“Agree with them or not, John Howard, premiers Morris Iemma, Steve Bracks, Peter Beattie, Geoff Gallop, Mike Rann and Paul Lennon and chief ministers Jon Stanhope and Clare Martin seem considered politicians who are most unlikely to believe that terrorists hide under falafels on suburban street corners. They decided to support a toughening of Australia’s counter-terrorism legislation on the basis of advice tendered by the Australian Federal Police, the Australian Security and Intelligence Organisation and the Office of National Assessments.”
Perhaps Henderson needs reminding of a few political facts. First up, politicians make decisions because they think it will be politically popular, not necessarily because they’re just. Simple really, but not for our noble Gerard. Secondly, because our intelligence agencies may have told our political leaders something, doesn’t make it true or accurate. Have we forgotten Iraq and WMD? Have we forgotten the recent words of former intelligence officer Lance Collins?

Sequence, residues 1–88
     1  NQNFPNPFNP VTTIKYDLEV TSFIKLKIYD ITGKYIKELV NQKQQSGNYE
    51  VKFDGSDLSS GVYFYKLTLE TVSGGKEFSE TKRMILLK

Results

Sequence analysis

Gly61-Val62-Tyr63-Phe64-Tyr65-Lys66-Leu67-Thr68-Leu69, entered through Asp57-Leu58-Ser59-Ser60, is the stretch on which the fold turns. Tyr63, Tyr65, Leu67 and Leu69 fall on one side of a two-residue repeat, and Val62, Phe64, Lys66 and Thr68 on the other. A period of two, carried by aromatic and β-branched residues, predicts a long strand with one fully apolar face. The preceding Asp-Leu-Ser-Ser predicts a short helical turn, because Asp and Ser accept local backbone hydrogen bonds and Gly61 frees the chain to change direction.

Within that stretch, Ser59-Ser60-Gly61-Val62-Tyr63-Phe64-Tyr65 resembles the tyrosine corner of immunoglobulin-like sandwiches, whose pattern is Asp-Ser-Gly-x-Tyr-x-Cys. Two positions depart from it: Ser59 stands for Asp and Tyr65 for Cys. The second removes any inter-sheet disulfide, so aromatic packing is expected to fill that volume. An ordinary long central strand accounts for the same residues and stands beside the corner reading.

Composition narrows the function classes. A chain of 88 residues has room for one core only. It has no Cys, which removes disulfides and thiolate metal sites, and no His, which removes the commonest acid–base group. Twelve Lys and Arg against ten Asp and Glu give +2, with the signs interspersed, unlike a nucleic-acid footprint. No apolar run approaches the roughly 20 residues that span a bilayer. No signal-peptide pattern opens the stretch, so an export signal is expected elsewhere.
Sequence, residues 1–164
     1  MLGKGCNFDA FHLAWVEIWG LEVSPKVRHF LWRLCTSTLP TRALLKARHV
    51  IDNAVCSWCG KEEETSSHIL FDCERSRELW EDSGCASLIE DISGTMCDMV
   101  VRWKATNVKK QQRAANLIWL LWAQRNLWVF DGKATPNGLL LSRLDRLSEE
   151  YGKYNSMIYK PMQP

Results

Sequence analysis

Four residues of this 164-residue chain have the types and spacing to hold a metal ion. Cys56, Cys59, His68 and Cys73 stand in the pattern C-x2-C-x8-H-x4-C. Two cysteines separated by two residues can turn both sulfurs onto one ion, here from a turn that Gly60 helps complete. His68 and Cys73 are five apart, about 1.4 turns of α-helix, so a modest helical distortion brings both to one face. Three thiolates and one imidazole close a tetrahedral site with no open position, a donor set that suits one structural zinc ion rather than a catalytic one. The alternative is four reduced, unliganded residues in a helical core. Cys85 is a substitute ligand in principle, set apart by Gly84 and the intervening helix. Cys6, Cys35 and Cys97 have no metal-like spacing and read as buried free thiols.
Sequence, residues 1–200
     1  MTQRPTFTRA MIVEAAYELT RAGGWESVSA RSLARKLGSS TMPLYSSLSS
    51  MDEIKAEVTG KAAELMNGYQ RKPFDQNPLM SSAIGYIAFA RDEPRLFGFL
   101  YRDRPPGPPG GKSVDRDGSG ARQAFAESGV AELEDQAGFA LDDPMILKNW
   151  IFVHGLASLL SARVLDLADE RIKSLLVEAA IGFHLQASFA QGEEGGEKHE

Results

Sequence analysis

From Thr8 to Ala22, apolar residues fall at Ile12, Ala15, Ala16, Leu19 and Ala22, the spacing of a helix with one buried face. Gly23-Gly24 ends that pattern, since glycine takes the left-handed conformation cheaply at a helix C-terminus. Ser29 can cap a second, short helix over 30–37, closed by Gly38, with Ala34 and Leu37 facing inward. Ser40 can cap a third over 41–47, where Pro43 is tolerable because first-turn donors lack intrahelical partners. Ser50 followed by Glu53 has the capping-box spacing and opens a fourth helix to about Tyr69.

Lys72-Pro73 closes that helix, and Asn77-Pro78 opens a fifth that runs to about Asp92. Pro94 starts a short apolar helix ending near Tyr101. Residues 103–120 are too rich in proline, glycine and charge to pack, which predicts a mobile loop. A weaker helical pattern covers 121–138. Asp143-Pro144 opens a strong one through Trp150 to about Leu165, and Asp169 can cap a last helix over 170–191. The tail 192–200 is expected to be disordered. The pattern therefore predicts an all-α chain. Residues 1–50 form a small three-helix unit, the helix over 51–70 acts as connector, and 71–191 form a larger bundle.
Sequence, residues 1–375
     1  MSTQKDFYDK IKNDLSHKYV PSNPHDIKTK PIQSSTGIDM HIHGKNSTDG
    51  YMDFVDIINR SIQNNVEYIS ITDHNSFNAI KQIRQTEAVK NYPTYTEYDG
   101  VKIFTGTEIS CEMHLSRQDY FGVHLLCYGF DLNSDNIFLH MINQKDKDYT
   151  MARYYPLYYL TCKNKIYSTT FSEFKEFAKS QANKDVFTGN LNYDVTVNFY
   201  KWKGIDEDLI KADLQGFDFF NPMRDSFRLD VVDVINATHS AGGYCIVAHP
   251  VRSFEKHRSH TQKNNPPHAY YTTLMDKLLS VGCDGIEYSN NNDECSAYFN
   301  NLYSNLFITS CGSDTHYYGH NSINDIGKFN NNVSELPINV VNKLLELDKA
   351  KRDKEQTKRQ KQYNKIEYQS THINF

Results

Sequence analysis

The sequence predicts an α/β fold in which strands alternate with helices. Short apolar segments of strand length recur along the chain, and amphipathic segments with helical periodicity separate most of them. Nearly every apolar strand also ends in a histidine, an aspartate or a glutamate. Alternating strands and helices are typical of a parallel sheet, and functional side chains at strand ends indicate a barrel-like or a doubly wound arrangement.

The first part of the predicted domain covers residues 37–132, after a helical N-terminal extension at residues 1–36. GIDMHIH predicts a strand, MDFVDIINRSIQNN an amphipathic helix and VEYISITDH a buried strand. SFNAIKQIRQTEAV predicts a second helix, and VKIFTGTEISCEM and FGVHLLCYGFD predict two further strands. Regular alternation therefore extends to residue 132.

Henderson’s innate belief in politicians’s good faith is reminiscent of the commentariat during Soviet days. They weren’t allowed to criticise the leaders, so they just praised the bravery and nobility of whoever needed their personality greased.
Henderson lives in a quasi-democracy and is presumably under no pressure to write anything – though the funding sources of his think-tank, the Sydney Institute, remain a mystery – and yet he still appears incapable or unwilling to presume governments lie and obfuscate.